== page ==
Police in Zimbabwe have arrested an American journalist working for a British newspaper. Andrew Meldrum is the third journalist to be arrested over the last two days under Zimbabwe's restrictive new media law. All three reporters are being charged in connection to a story alleging a woman was beheaded by supporters of President Robert Mugabe, a story later discovered to be untrue.
Zimbabwean police accuse the three journalists of spreading false information, an offense punishable by up to five years in jail.
Andrew Meldrum is a U.S.-born reporter working for the British newspaper, The Guardian. His wife says he was arrested at his home early Wednesday morning. That was less than a day after the arrests of two Zimbabwean journalists, Lloyd Mudiwa and Collin Chiwanza. Both men work for The Daily News, the only independent daily newspaper in Zimbabwe.
All three journalists are being held in police custody in connection to their stories about a gruesome attack that apparently never happened.
Last week, The Daily News published a story written by Mr. Mudiwa, alleging that militant supporters of the ruling party, ZANU-PF, had beheaded a woman accused of supporting the opposition Movement for Democratic Change, or MDC. Both the MDC and The Daily News later retracted the story. They say they believe they were tricked by the woman's husband, who was allegedly trying to get money for funeral expenses out of the MDC.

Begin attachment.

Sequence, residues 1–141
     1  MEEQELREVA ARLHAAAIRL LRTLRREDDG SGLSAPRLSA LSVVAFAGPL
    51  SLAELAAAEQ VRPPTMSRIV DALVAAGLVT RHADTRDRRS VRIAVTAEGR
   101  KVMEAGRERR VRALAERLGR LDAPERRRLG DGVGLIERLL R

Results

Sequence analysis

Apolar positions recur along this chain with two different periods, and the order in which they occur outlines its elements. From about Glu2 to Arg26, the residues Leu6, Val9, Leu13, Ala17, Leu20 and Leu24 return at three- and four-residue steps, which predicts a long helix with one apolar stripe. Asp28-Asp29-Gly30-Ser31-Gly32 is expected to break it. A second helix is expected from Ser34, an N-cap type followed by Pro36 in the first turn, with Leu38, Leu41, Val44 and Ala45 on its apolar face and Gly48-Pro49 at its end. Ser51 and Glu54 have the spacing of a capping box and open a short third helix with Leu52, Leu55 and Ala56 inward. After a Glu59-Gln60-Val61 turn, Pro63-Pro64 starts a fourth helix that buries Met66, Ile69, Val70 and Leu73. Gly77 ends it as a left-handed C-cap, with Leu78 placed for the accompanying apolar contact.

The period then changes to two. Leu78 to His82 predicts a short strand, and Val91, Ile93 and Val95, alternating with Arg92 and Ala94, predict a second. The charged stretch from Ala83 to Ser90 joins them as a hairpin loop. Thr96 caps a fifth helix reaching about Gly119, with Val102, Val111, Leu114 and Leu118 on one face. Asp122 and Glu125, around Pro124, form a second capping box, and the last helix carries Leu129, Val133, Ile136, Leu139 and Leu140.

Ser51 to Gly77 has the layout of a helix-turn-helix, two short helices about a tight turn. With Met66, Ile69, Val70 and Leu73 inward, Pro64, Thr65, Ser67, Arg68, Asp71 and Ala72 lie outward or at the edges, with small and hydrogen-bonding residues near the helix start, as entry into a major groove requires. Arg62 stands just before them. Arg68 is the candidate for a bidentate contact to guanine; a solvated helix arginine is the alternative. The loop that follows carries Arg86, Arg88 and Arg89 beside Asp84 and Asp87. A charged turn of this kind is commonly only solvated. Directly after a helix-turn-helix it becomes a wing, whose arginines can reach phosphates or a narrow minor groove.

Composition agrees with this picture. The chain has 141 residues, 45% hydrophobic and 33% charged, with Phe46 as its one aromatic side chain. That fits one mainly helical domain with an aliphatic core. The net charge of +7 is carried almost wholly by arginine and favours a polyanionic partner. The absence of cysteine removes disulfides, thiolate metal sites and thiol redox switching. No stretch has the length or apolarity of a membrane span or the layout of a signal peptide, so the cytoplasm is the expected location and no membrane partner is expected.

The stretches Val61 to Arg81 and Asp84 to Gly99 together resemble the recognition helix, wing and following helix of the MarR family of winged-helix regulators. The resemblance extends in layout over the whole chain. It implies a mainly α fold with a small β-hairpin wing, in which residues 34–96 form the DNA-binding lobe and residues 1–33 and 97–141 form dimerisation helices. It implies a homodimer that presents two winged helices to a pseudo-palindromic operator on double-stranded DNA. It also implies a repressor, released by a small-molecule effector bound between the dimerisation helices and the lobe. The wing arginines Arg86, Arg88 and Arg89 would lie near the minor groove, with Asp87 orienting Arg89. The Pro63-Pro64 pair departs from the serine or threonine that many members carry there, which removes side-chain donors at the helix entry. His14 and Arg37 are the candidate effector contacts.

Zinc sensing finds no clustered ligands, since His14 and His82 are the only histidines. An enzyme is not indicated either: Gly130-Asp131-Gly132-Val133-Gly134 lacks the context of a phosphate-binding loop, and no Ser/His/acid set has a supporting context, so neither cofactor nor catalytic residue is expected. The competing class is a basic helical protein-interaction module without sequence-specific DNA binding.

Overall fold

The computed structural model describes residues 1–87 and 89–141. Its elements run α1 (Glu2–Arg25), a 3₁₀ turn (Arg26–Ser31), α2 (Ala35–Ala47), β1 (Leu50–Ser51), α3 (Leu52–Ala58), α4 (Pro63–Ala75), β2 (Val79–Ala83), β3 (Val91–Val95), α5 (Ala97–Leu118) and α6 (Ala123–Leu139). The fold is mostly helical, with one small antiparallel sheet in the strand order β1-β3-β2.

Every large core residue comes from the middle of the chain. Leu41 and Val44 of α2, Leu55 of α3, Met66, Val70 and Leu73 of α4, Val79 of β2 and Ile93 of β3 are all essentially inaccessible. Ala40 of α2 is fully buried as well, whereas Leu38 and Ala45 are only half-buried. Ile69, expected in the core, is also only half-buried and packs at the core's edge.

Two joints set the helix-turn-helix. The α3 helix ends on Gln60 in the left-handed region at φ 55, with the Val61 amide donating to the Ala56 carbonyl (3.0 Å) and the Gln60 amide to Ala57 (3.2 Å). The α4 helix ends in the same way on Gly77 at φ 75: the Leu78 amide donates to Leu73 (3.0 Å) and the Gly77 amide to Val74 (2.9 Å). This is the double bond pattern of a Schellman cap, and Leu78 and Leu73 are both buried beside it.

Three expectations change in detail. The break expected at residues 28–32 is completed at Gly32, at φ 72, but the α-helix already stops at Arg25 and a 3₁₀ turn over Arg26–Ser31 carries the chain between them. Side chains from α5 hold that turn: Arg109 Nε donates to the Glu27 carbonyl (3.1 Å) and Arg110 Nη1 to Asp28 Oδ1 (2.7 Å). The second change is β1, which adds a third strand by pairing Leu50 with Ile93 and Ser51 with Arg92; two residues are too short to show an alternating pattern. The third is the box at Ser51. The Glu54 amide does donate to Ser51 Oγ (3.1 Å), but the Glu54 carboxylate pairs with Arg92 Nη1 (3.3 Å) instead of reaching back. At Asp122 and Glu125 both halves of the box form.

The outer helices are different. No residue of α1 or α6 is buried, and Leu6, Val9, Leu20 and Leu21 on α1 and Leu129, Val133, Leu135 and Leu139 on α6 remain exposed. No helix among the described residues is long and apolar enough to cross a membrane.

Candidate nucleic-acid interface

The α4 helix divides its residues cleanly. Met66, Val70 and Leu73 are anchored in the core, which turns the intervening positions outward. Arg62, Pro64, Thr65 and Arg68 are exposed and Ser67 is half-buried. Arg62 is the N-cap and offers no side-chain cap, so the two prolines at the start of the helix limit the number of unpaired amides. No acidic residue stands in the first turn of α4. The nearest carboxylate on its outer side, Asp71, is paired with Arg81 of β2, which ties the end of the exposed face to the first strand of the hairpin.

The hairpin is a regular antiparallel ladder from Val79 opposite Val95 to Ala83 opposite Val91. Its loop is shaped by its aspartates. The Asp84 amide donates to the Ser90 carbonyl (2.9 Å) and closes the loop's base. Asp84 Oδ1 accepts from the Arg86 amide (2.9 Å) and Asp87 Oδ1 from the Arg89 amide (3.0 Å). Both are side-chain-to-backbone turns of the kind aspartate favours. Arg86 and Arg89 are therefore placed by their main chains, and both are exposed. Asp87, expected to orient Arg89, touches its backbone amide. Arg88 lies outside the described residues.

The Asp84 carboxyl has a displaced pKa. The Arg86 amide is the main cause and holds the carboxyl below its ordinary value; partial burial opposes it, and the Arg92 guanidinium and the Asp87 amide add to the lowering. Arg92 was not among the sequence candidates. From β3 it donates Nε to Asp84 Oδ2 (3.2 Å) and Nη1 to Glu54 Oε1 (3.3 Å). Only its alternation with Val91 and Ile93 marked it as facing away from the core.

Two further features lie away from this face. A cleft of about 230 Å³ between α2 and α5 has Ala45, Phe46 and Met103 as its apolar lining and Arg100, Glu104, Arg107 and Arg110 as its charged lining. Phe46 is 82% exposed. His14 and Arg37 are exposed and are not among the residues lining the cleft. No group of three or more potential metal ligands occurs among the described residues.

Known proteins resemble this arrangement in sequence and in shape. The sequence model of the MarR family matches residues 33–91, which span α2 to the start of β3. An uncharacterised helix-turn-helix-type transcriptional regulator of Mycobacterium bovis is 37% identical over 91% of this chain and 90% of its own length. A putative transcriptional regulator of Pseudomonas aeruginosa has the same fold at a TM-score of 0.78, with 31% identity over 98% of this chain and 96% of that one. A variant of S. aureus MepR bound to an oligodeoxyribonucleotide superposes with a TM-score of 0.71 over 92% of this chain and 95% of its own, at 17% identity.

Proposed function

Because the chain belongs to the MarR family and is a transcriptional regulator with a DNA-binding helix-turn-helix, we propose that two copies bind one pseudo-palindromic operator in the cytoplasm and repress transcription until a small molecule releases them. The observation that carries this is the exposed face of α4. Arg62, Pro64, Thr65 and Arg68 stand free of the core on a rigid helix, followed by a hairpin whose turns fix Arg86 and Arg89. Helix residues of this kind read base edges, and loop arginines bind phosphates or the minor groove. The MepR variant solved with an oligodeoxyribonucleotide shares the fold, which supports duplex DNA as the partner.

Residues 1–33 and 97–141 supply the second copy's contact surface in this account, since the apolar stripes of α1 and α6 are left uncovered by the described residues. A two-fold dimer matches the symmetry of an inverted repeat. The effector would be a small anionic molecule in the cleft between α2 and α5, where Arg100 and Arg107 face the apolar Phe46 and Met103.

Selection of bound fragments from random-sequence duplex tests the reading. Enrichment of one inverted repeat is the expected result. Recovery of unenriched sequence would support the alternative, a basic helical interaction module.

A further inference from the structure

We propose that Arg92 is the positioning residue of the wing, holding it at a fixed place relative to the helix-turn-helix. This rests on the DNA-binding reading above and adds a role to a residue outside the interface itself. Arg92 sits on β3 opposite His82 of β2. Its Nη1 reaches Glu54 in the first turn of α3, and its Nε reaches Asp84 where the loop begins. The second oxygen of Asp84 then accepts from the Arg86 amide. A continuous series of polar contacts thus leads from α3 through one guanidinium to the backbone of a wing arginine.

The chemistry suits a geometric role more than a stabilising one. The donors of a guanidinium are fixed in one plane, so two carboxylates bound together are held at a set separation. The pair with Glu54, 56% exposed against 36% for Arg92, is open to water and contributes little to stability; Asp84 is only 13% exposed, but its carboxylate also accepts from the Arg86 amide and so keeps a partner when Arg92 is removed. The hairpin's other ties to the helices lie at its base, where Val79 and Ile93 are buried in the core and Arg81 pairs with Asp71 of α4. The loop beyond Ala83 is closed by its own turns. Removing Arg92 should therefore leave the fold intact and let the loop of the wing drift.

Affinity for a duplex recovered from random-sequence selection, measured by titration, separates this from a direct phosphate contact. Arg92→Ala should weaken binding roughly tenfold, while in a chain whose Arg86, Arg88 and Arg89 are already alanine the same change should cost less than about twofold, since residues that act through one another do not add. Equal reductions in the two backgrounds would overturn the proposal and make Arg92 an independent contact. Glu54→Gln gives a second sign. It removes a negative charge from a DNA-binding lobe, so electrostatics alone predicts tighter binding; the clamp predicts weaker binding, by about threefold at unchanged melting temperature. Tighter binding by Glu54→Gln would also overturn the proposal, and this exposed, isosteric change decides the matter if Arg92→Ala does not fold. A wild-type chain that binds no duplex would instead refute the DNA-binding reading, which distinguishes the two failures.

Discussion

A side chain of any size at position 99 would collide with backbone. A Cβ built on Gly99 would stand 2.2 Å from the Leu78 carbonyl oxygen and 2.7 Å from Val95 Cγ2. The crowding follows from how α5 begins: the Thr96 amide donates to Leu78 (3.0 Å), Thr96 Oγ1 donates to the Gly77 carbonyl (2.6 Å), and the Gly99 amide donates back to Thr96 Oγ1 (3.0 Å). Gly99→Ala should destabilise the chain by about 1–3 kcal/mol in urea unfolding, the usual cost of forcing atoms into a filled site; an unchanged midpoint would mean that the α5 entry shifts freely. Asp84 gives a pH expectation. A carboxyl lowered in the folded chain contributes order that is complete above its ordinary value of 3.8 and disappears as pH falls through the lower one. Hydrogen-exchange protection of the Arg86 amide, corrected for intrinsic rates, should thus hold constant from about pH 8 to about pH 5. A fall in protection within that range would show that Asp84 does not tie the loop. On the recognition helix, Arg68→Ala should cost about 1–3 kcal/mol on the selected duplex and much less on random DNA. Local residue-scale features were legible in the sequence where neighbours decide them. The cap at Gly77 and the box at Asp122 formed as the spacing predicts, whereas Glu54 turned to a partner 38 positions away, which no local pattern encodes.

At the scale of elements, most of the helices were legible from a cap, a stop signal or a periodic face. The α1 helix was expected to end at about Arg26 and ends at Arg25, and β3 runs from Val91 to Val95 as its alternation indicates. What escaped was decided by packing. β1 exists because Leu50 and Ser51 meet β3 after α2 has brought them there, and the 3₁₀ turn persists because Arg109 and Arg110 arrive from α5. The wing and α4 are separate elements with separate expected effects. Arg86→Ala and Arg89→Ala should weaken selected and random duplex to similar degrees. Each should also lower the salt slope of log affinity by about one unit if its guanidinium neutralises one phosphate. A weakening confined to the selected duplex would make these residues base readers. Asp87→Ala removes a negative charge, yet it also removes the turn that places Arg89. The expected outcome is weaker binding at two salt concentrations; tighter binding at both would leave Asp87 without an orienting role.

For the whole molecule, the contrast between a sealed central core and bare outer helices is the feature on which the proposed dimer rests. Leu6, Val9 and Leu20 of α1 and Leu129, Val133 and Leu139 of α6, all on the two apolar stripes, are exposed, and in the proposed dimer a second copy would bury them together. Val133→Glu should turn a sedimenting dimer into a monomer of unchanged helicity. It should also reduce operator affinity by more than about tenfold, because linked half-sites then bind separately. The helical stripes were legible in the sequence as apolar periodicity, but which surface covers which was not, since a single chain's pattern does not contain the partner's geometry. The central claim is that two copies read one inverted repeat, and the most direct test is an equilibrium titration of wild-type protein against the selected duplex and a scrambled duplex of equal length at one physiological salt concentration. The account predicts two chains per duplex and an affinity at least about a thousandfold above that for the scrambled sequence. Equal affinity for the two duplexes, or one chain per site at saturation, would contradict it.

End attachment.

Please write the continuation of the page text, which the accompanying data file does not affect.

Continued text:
But the retraction came after The Daily News story was picked up by several foreign journalists, including Mr. Meldrum.
The three reporters now face charges that they published false information. If they are prosecuted under Zimbabwe's restrictive new press law, they could be sentenced to two years in jail. They could get five years in jail if they are charged under the even harsher new Public Order and Security Act. Both laws were passed earlier this year and have earned widespread criticism from the international community. Human rights groups say the legislation is aimed at cracking down on dissent in Zimbabwe.
The arrests of the reporters come just days before World Press Freedom day, sponsored by the United Nations Educational, Social and Cultural Organization, UNESCO.
The editor of The Daily News, Geoffrey Nyarota, will be presented with the annual UNESCO World Press Freedom Prize on Friday at a ceremony in the Philippines. UNESCO says Mr. Nyarota and the Daily News have been working in an atmosphere of persecution and harassment of the independent media.
Mr. Nyarota and other Daily News journalists have been repeatedly arrested and have received numerous death threats over the last two years. The newspaper's offices and printing press have also been bombed.